More than 50 years after humans first set foot on the moon, one CU Boulder researcher will gain access to a cache of never-before-studied lunar rocks.
For geologist Carolyn Crow, it’s the project of a lifetime.
“You’re opening up brand new samples that nobody has ever seen,” said Crow, a research associate in the Department of Geological Science. “It’s almost like a new sample return mission.”
In 1972, Apollo 17 astronauts returned to Earth carrying moon rocks from the Taurus-Littrow Valley. The samples were sent to NASA's Johnson Space Center in Houston where they were initially processed and cataloged and are still housed today. A portion of the Apollo samples was set aside and stored at a temperature of minus-4 degrees Fahrenheit, not to be opened until technology improved.
“NASA purposefully put these samples away because they knew that in the future, we would have better instruments available and that we could do analyses on the samples that we couldn’t do back in the 1970s,” Crow said.
Now, the space agency has announced that it will be taking these special samples out of storage for the first time. Crow will be among the scientists taking the first close look at them as part of a team led by Jessica Barnes, an assistant professor at the University of Arizona. She hopes that this fresh injection of data will help scientists to answer lingering questions about the moon, such as how a magma ocean may have once spread over its surface.
Moon rocks have already changed the face of science. Over the six U.S. space missions that touched down on the moon, astronauts collected more than 800 pounds of lunar pebbles and dust. Nearly a quarter of that yield came during Apollo 17, the only voyage to include a trained geologist, astronaut Harrison Schmitt.
“Those samples were the jumping off point for the last 50 years of planetary science,” Crow said. “They completely revolutionized our understanding of the moon, the early Earth and the whole solar system.”
Before Neil Armstrong and Buzz Aldrin stepped onto the moon, for example, researchers didn’t know how Earth’s only natural satellite first formed. Today, they believe that the moon was created when a planet the size of Mars crashed into Earth roughly 4.5 billion years ago, knocking loose a chunk of molten material.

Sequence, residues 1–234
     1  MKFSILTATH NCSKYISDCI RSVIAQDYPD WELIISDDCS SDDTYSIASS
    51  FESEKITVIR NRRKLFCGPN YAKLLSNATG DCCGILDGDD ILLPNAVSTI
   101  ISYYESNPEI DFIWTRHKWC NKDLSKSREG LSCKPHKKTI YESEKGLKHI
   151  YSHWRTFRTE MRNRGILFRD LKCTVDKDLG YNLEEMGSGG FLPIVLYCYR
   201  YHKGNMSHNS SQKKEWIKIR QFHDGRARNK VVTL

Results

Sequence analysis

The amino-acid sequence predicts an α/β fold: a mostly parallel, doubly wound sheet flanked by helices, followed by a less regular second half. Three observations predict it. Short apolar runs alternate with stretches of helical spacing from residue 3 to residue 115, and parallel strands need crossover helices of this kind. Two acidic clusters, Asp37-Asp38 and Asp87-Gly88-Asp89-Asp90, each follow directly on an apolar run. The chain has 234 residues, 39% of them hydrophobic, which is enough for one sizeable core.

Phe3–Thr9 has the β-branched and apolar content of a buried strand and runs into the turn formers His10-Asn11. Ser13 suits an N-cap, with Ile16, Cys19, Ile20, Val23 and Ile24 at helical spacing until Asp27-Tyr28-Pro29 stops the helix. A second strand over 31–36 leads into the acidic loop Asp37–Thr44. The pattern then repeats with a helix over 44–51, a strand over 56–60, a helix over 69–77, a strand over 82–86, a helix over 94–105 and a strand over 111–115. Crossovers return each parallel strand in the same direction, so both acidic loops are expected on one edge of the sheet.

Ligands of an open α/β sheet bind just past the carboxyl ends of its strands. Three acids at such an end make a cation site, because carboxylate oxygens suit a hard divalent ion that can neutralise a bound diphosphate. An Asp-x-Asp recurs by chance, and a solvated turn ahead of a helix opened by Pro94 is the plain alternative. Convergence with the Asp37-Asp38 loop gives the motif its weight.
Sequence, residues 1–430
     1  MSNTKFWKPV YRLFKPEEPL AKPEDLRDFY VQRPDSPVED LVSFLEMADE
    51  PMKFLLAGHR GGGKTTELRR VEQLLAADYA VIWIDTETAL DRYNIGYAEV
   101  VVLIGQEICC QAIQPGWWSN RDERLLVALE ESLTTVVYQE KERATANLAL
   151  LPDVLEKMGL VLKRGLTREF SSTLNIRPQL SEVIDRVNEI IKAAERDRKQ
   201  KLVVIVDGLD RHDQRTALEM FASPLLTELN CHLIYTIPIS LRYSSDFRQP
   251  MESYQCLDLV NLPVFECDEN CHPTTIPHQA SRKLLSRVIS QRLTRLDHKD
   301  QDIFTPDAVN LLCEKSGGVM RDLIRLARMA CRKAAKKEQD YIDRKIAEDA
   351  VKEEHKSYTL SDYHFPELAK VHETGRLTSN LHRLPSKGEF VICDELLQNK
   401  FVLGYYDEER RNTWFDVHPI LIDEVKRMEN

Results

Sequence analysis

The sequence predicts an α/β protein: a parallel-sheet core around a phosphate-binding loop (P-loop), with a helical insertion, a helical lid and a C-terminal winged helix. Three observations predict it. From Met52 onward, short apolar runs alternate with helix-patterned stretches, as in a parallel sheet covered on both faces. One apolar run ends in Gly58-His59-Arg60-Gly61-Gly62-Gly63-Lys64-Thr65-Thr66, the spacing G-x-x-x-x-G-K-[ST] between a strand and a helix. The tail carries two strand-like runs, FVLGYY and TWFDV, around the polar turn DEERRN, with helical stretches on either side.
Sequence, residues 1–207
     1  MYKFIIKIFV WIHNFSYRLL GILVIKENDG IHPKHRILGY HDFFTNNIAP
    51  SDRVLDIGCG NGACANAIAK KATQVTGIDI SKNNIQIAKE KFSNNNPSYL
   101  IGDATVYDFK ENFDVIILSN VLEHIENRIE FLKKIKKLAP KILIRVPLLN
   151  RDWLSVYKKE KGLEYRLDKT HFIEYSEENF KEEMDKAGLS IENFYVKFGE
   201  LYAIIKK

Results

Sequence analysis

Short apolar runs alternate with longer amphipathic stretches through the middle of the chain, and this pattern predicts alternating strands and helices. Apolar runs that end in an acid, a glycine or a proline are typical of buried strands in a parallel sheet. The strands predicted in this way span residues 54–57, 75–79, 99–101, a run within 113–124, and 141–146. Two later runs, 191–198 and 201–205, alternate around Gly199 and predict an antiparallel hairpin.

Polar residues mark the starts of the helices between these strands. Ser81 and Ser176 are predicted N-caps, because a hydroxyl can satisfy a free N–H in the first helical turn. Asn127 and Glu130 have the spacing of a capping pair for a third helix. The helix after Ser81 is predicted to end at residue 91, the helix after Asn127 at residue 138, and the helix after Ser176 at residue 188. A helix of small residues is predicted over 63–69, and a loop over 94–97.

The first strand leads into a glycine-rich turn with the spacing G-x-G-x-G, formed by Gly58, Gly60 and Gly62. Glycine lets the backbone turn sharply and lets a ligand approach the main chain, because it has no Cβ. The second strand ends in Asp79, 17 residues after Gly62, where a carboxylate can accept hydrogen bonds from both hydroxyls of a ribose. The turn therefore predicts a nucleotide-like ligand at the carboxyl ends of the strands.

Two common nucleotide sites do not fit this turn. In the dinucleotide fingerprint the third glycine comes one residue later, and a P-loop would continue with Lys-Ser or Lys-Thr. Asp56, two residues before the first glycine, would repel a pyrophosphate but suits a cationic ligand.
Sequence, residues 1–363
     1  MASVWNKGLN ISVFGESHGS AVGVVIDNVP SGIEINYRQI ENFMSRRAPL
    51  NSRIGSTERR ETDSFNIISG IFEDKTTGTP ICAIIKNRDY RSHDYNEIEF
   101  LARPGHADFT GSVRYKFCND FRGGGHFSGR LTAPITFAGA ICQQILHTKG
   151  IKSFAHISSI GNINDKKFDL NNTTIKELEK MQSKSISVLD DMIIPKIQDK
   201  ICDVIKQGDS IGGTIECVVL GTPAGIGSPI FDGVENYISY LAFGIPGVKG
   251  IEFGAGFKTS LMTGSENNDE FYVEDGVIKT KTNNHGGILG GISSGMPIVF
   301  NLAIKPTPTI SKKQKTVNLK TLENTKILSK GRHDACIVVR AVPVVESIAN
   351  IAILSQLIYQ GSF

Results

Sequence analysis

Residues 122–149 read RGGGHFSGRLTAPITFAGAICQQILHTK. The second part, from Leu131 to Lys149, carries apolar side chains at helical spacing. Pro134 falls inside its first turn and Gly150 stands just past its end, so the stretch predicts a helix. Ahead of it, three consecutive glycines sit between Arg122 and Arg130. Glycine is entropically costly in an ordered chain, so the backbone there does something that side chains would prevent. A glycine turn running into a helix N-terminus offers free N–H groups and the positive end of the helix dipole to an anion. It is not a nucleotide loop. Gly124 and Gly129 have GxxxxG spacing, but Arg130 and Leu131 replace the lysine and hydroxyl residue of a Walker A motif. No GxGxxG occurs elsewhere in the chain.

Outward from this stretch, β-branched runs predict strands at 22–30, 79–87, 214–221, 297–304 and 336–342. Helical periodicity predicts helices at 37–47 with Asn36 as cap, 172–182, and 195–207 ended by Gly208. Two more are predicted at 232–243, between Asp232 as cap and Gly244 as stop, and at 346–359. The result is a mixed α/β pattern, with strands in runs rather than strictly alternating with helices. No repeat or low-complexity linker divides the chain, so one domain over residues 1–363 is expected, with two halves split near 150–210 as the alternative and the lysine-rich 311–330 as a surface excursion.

“That theory came entirely from Apollo samples,” Crow said.
But she added that there is still a lot that scientists don’t know about the moon, including the nature of the lunar interior and if it is still geologically active today.
That’s where the new samples come in. One of the long-awaited finds is a nearly 9-inch-long core that Schmitt collected a few yards from the Apollo 17 landing site. By analyzing the gases trapped in the unopened core, Crow said, researchers may learn about not only the interior of the moon, but also how water and other materials are deposited on the moon.
Crow and her colleagues won’t get to handle the samples personally until 2020. In the meantime, curation experts at NASA will begin the initial processing of the Apollo rocks—and even then, only from behind glass.
“There are multiple layers between you and all the samples,” Crow said. “Until that processing is done, they never see air.”
NASA is being careful with how it handles these samples, Crow explained, because some of the teams are interested to see how the ways the moon rocks are stored can influence their chemistry.
“With many teams working on the samples, we need to take extra care to make sure everyone can get their science done,” she said.
But she’s happy to wait if it means she will be among some of the first people to take a close look at these pieces of lunar—and human—history.
“Every sample takes on a personality,” Crow said. “You can really get to know these rocks. I love it.”